While much of the western U.S. continues to suffer from a punishing drought, the Bay Area was close to its normal total precipitation over the last year, state officials said this week.
According to data from the state’s Department of Water Resources, the Bay Area received roughly 82 percent of its annual average rainfall during the 2021-22 water year, measured from Oct. 1, 2021, to Sept. 30, 2022.
That outpaced statewide precipitation, which only reached 76 percent of the average annual total. The northeastern part of the state was the only other region with an average rainfall total that eclipsed the state’s.
According to Michael Anderson, the state climatologist, the Bay Area’s higher rainfall was boosted largely by the atmospheric river storms that blanketed the region in October 2021.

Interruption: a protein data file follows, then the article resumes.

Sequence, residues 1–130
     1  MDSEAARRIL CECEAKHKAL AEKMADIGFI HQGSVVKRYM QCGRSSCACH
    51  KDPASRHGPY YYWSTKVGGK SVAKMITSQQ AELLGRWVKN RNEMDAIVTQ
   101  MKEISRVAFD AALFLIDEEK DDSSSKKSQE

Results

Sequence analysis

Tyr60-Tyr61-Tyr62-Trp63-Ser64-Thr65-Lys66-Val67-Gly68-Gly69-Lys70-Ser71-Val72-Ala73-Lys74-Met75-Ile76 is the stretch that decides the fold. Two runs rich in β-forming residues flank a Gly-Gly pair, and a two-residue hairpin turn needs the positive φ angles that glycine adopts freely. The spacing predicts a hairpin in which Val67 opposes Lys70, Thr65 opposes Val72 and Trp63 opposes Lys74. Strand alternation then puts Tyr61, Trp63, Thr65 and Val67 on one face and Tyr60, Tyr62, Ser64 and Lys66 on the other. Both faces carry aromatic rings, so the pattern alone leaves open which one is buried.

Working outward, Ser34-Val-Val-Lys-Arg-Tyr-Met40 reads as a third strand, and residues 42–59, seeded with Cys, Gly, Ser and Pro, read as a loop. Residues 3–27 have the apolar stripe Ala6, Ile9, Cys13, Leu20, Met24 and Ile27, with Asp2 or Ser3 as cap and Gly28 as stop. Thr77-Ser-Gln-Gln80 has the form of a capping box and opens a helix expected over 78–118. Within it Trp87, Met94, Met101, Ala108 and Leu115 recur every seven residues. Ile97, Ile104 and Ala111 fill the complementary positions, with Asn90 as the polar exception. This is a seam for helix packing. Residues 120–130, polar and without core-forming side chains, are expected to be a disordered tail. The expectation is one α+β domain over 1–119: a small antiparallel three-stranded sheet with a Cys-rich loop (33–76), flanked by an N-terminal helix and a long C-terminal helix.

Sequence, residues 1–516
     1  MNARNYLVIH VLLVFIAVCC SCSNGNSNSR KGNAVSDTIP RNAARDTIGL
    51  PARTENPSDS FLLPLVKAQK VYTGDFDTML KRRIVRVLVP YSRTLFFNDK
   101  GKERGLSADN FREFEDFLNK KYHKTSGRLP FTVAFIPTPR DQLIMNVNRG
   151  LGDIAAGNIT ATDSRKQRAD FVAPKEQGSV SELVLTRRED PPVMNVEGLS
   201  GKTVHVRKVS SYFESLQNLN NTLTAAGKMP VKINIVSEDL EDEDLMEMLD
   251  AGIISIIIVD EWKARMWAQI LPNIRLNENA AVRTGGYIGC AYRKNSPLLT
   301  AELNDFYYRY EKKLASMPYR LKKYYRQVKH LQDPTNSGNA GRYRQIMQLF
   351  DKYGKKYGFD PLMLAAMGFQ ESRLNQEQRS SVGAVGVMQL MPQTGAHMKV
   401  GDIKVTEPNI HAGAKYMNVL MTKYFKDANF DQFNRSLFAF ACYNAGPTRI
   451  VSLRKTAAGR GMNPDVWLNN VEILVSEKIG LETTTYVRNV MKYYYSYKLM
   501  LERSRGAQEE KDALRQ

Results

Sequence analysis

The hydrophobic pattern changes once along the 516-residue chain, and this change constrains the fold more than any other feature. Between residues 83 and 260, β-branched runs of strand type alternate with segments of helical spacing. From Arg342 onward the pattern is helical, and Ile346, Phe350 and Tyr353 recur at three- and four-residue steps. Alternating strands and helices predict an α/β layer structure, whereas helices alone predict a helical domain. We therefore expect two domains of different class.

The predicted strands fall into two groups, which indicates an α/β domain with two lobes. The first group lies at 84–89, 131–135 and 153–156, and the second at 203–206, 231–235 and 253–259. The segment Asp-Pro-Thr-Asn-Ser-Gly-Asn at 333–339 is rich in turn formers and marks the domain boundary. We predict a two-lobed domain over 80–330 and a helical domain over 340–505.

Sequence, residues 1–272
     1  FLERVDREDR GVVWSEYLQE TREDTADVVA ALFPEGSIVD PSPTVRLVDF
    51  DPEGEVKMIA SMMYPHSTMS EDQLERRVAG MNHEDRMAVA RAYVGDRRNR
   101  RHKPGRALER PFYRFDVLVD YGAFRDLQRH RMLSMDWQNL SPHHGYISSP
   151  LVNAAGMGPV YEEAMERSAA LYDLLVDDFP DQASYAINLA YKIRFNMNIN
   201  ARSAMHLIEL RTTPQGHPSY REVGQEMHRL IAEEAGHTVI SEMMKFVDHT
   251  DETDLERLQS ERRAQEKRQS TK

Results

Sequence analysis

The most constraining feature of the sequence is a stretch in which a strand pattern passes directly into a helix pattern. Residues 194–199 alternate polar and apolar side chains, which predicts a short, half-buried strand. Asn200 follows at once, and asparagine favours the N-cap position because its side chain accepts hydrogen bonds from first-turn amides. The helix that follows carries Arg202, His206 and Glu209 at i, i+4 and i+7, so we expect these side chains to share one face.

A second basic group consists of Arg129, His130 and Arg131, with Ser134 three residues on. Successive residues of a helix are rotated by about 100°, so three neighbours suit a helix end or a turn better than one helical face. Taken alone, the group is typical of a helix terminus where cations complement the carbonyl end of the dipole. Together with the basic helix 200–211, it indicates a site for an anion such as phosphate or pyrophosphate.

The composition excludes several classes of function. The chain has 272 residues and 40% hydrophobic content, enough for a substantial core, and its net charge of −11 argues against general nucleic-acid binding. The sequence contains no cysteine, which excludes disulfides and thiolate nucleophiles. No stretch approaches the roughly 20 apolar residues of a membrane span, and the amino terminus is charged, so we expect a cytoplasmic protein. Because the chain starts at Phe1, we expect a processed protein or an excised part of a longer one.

That said, California is still in the midst of its driest period ever recorded.
“Water years 2021 and 2022 are now the driest three-year stretch in the observed record that begins with water year 1986,” Anderson said. “The previous record in 2013, 2014 and 2015 was a little over 49 inches (of precipitation). This three-year stretch is coming in just over 46.”
With another La Nina winter likely on the horizon, according to state water officials, bringing with it more dry conditions, the state is likely to see drought conditions continue for months and years to come.
“We saw this past year things went from very wet to very dry,” Anderson said. “So we just have to be very attentive to those weather forecasts — they offer us a short window, one to two weeks at a time — but be ready for anything that might come our way.”